Aglet hosts use object serialization, available in JDK 1.1 or with the RMI (remote method invocation) add-on to JDK 1.0.2, to export the state of an aglet object to a stream of bytes. Through this process, the aglet object and the tree of serializable objects reachable from it, are written to a stream. An object is serializable if it implements either the Serializable or the Externalizable interface. In a reverse process, the state of the aglet can be reconstructed from the stream of bytes. Serialization allows an image of the heap (the heap's state) to be exported to a byte stream (such as a file) and then reconstructed from that byte stream.

...but not all of the state

The state of the execution stacks and program counters of the threads owned by the aglet are not serialized. Object serialization touches only data on the heap, not the stacks or the program counters. Thus when an aglet is dispatched, cloned, or deactivated, any relevant state sitting on any stack of a running aglet, as well as the current program counter for any thread, is lost.

In theory, a software agent should be able to migrate with all its state: heap, execution stack, and registers. Some will likely consider the inability of aglets to do this as a flaw in the aglet's implementation of mobile-agent theory. This feature of aglets arises out of the architecture of the JVM, which doesn't allow a program to directly access and manipulate execution stacks. This is part of the JVM's built-in security model. Unless there is a change to the JVM, aglets and any other mobile Java-based agent will be unable to carry the state of their execution stacks with them as they migrate.

Before it is serialized, an aglet must place on the heap everything it will need to know to be resurrected properly as a newly activated aglet, a freshly dispatched aglet, or a clone. It can't leave any of this information on the stack, because the stacks won't be reproduced in the aglet's new life. As a result, the aglet host informs an aglet that it is about to be serialized so that the aglet can prepare itself. When the aglet is informed of an impending serialization, it must place onto the heap any information it will need to continue its execution properly when it is resurrected.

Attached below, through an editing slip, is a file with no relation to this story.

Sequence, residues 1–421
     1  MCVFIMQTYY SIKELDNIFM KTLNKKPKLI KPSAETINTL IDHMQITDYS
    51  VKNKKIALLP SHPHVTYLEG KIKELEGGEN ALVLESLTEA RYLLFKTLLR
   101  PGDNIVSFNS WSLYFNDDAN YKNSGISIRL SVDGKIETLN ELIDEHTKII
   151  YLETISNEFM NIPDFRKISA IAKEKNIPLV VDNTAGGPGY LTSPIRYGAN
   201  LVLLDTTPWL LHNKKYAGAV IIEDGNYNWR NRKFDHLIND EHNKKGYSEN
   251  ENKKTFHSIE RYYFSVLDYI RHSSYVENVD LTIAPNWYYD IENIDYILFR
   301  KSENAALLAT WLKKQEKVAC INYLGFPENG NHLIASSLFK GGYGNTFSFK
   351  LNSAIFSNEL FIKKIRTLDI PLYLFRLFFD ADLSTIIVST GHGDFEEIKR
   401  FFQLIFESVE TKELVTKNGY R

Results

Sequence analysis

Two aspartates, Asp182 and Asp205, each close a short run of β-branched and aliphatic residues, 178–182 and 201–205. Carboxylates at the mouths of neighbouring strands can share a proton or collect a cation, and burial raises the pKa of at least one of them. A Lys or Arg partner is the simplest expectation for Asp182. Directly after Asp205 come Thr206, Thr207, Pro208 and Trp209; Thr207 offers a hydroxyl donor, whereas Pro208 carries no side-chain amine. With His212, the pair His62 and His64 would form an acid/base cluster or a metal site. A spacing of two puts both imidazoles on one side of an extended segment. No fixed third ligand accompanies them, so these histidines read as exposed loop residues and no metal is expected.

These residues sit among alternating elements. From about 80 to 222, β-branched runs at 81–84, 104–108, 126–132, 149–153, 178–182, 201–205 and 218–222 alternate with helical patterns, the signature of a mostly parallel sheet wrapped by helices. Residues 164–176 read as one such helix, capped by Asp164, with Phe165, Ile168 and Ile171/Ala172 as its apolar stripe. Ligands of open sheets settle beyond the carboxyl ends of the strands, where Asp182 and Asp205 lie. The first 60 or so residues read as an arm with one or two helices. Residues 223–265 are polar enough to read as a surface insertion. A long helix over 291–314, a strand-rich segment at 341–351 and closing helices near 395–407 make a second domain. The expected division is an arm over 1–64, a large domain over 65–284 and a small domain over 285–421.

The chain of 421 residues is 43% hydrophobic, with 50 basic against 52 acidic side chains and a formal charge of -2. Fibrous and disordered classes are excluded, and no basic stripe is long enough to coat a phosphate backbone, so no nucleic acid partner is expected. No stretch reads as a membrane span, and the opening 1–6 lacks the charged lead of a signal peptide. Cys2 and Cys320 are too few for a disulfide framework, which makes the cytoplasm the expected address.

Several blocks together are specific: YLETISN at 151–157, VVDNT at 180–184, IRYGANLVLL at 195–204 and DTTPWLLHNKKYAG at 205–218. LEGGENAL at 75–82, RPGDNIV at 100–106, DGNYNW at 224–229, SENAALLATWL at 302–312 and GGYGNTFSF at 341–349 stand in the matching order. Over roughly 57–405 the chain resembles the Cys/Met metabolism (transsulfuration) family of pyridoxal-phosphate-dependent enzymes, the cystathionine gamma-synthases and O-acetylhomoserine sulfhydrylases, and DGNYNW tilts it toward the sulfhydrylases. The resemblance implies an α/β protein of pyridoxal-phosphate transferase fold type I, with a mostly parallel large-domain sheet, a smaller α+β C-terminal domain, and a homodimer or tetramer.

From a practical standpoint, the inability of an aglet to migrate with its execution stacks is not an unreasonable limitation. It simply forces you to think a certain way when you write aglets. You can look at an aglet as a finite state machine with the heap as the sole repository of the machine's state. If at any point in an aglet's life you can know what state it is in by looking at its heap, then it can be serialized at any time. If not, then you must have a way to record sufficient information on the heap just prior to serialization such that you can continue properly when the aglet is resurrected.

Also, even though the inability to serialize execution stacks necessitates giving aglets a warning prior to serialization, such warnings probably are a good idea anyway. It is difficult to think of a case in which an aglet wouldn't want to know it was about to be serialized and why. It may need to finish some incomplete process before allowing the serialization, or it may want to refuse the action that requires the serialization. For example, if an agent is told it is about to be serialized and dispatched to an aglet host in Silicon Valley, it may refuse and decide instead to dispatch itself to a host on an island in the South Pacific.

How to write an aglet

The process of writing an aglet is in many ways similar to the process of writing an applet. To create an applet, you subclass class Applet. To initialize an applet, you override the init() method, the starting point for any applet. You can use init() to build the user interface of the applet. If you wish, you can fire off other threads from init(). If you do this, you also may override stop() and start() to stop and restart your threads when the browser leaves and returns to the Web page. If you don't create any threads in init(), your applet likely will get at least one thread just because class Applet descends from class Panel. The AWT user-interface library of which Panel is a part will provide whatever threads are needed to run the user interface you create in init().

The aglet development and run-time environments provide a library of Java classes that support the creation and running of aglets. To create an aglet, you must subclass class Aglet, which includes several methods you can override to customize the behavior of your aglet. The aglet's counterpart to the init() method of applets is the onCreation() method. To initialize an aglet, you override onCreation(). The onCreation() method is invoked only once in an aglet's lifetime and should be used only for initialization.